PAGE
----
KONY 2012 is a film and campaign by Invisible Children that aims to make Joseph Kony famous, not to celebrate him, but to raise support for his arrest and set a precedent for international justice.
The video explains a lot about who Joseph Kony is and what crimes he's committed in the past 26 years-and still does, with the world, as it turned out after the campaign went viral, being either completely ignorant or paying little attention. I saw the video this morning. It was a powerful experience, needless to say. I was crying. If I did my best to suspend my tears, I broke down at the point when Jacob tells the things he wishes he could say to his brother.
Before I jumped on the bandwagon and shouted from the rooftops, I wanted to know more about what's going on and I did some research. Apparently, it didn't take long for criticism to emerge, and for a moment, it cast quite a dark shadow on everything Invisible Children is doing. Here's an article that enumerates all the faults of the campaign. The organization was under attack for using only 31 % of the money raised as actual aids. The rest of the money is used for the production of movies, travel expenses for the leaders of the organization and other things that the children in question don't directly benefit from. The worst accusation was that the funds are used for financing the Uganda government military, who themselves are guilty of crimes such as raping and looting. Furthermore, there are no African members on the board of IC, which immediately brought upon the "white-messiah/ American saviors" debates. IC promptly responded to that critics, but the discussions are still going strong and I believe that we'll hear a lot of these in the days to come from all sides.
Every so often, there's news articles or campaigns on the Internet addressing that topic. Child-soldiers, sadly, isn't exactly fresh news. Why is this campaign different? Why did it generate more attention? Why does it matter so much to me?
I'm not going to pretend that I completely understand what's going on in Central Africa. I realize it's a complicated web of wars between tribes and self-proclaimed war-lords constantly at each others throats, with the tragic outcome of innocent people and children being deprived of their basic human rights. The problem is much bigger than just one Joseph Kony, and it's probably a bit naive to believe that the evil will be eradicated once Kony is arrested and brought before the face of justice.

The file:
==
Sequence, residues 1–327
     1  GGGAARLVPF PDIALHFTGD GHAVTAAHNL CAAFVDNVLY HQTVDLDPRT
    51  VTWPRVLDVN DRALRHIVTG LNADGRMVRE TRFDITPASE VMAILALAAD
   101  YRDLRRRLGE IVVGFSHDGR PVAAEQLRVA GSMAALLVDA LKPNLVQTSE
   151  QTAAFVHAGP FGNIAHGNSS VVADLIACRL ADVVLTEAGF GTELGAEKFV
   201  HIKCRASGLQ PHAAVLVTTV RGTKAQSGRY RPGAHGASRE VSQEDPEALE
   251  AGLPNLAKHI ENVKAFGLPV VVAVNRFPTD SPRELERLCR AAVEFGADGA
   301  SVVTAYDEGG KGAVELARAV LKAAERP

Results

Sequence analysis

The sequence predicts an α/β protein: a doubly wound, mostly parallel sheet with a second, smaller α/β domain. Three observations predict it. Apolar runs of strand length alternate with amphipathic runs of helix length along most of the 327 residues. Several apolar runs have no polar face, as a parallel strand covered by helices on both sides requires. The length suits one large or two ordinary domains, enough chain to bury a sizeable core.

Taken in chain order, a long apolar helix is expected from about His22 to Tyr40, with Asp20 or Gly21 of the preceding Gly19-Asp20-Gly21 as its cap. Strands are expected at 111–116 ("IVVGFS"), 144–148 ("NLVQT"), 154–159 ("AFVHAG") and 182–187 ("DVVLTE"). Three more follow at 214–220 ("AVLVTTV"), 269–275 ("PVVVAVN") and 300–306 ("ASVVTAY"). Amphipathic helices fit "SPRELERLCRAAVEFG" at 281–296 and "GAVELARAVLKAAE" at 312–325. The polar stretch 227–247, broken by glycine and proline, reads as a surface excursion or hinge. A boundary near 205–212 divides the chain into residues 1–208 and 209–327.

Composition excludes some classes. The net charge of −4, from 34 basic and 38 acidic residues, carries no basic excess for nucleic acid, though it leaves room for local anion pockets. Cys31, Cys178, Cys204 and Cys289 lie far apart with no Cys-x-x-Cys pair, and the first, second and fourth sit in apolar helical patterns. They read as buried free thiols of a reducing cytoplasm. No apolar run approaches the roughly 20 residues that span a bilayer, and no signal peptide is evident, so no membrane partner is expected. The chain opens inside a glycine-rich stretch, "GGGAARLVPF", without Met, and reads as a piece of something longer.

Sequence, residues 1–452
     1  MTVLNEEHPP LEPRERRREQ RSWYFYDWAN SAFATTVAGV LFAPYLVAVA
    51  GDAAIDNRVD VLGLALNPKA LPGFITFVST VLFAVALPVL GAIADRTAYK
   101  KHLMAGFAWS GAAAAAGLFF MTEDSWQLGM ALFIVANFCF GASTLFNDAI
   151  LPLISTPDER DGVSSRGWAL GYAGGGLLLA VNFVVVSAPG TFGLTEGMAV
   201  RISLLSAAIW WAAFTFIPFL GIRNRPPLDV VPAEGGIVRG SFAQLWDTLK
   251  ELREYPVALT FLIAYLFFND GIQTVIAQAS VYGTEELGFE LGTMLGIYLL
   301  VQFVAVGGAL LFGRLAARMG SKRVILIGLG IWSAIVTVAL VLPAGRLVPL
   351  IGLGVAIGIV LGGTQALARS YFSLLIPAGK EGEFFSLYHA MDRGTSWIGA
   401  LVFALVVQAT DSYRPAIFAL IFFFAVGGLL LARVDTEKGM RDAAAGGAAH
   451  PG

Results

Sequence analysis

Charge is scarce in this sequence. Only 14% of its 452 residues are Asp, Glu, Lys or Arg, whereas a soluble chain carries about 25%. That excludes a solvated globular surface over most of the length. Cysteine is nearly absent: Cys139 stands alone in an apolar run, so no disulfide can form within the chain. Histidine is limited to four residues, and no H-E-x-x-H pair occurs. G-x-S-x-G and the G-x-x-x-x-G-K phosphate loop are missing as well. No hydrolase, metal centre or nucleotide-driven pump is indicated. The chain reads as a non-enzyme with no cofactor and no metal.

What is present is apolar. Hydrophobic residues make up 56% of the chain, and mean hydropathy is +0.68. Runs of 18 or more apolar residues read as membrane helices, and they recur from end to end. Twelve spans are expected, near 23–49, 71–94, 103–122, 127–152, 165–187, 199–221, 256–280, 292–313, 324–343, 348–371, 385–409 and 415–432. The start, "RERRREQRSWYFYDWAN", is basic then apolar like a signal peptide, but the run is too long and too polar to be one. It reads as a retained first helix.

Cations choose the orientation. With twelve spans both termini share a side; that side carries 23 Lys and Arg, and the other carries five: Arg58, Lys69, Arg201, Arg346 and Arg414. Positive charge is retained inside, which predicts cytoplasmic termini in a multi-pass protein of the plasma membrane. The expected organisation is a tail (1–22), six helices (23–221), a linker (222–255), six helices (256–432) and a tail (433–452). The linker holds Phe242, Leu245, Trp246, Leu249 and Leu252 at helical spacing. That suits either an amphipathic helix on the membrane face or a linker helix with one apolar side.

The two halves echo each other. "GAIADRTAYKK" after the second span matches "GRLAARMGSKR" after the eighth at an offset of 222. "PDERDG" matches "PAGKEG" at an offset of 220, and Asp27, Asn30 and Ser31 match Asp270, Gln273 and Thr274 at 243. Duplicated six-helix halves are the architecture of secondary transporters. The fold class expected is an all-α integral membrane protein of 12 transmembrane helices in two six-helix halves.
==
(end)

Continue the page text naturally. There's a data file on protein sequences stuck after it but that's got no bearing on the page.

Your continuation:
I'm an outsider to this story. I'm not American, and I'm not really concerned with the colonialistic nuances that some critics see in the campaign. I'm also not African. I cannot begin to imagine what atrocities those children have witnessed or experienced on their own skin. I live in Europe, in Croatia, in a country that also has a not-so-distant history of violent wars and crimes committed by people whose names are up there on the ICC list with Joseph Kony. I'm in the middle, as I believe millions of people who have joined the cause are. People aching for something to be done. I joined, not particularly for Kony, because God knows there's many more like him on this world and many more battles will be fought before they're wiped off the face of the earth. I joined, not for Invisible Children, because there are probably dozens of organizations who are doing a better and more extensive work on protecting children, but whose efforts doesn't receive so much attention as the work of IC does.
I joined because of the overwhelming idea that the world can get united. Someone ignited a spark that shook up the world, and no doubt something will move and something will be done. People are doing what little they can, if it's just clicking share buttons, printing posters and ordering action-kits, but they are doing something, anything, to raise awareness.
No child should ever go through something like that. Not a single child. And yet, there are not just the thousands that have been abducted, molested, harmed or killed under Kony's regime of terror, but thousands of other invisible children that have suffered under this or that lunatic. It seems that finally the world has gotten the necessary incentive to take a step forward. And I'm more than happy to be part of it in every way I can. I'm aware that this particular campaign is not the solution to all the problems in Africa, and that the steps IC is taking may not be the best possible. If just one child is returned home, it was worth all the effort. But let's start with Kony. Tomorrow there'll be someone else.
Please, spread the word.
Stop Kony, yes. But also, don't stop asking questions.